The Surrender of Jefferson Davis
as remembered by H.C. Schuelter, of Hazel Green, Wisc.
Associated Press May 26, 1929.
The little man stands as stone. The swamp drips silent for a moment. Then a woman spreads the tent flaps, lifts the man's arms above his head, and says, in a cool, gentle voice:
"Don't shoot, gentlemen. He is unarmed."
She was his wife, faithful in his darkest moment.
Thus was Jefferson Davis, the President of the Confederate States of America captured, May 10, 1864.
The old man who remembers is H. C. Schuelter, of Hazel Green, one of the five Union cavalrymen who rode down the hollow. They had gone with Sherman "to the sea" and were detailed under Colonel Hamden, of the Wisconsin cavalry, to search for Davis, fleeing from Richmond to the Army of the West.
Davis's immobility changed, Schuelter remembers, when they reached the Union camp, and he exhibited his anger and chagrin. This turned to nervousness when soldiers started to chant:
"We'll hang Jeff Davis to a sour apple tree."
His capture was marred, according to Schuelter, by tactics of a Michigan detachment. Unauthorized, it had set out to seek Davis for the $100,000 reward Congress offered. The Michigan troops, says Schuelter, fired into the Wisconsin group, wounding 4 or 5, to give the impression they believed them Confederates and to permit Michigan to claim the capture. But Davis didn't "hang to a sour apple tree," or any other. He never begged for pardon, but asked only for fair trial. After a year in prison amnesty was granted. Later he publicly reaffirmed his states' rights doctrines. For years he headed a Southern insurance company. He died near New Orleans in 1889 and was buried with great ceremony. Later his body was taken to Richmond, Va., for burial.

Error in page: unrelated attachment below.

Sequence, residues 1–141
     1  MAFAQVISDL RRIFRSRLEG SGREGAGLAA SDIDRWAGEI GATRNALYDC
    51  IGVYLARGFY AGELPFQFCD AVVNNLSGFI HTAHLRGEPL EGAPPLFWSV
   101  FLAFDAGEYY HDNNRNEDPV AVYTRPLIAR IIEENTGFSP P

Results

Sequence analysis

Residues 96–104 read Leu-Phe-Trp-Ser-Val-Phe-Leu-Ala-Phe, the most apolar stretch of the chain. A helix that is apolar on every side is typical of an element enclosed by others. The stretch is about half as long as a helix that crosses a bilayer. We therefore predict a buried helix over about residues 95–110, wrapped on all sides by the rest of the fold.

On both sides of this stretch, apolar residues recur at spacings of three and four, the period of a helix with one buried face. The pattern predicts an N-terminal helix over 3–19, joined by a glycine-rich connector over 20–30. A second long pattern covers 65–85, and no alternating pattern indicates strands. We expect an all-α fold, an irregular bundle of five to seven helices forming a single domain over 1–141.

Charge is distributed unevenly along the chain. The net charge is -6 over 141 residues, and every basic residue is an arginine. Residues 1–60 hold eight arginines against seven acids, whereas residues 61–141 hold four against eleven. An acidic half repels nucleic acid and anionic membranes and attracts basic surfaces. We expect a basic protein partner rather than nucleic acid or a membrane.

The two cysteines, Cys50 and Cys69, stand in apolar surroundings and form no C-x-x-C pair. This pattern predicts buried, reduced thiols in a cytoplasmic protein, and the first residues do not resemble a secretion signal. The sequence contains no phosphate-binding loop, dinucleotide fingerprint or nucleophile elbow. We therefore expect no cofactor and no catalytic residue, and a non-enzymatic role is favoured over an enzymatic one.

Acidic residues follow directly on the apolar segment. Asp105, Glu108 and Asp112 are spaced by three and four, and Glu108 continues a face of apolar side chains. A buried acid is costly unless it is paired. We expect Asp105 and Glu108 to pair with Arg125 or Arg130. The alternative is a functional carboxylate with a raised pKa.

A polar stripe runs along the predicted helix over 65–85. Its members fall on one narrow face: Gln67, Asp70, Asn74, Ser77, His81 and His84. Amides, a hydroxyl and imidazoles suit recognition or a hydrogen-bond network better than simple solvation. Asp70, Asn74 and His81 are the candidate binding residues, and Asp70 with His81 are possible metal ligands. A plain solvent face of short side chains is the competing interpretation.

Mr. Ben D. Moore
Christian County, Ky.
Oct 28, 1864
Drummondville, Canada West.
Your favor of the 14th came to hand in due time. Much obliged to you for the manifestations of friendship towards us and that you have not forgotten old friends. I am glad to hear that you are well, though sorry to learn of your hard life.
I attended to your business as you requested, as soon as you left. The condition of our country is about as when you left, with the exception of a negro raid, which came out from Clarksville. they took all the men they could find. They got Louis and Reuben from me; Matt got out of the way. Got all your father's except Daniel and Scip, and those two boys. All of Bill Hopkins' men, Isaac and Pleasant Garrott's, Parson Vaughan's and many others, including Isaac from Mr. Radford's. Your father's Millie and Mariah have left since to follow their husbands. They got about 75 men. There has been a constant move ever since. There are from three to four wagon loads passing every day. Some people are driving theirs off.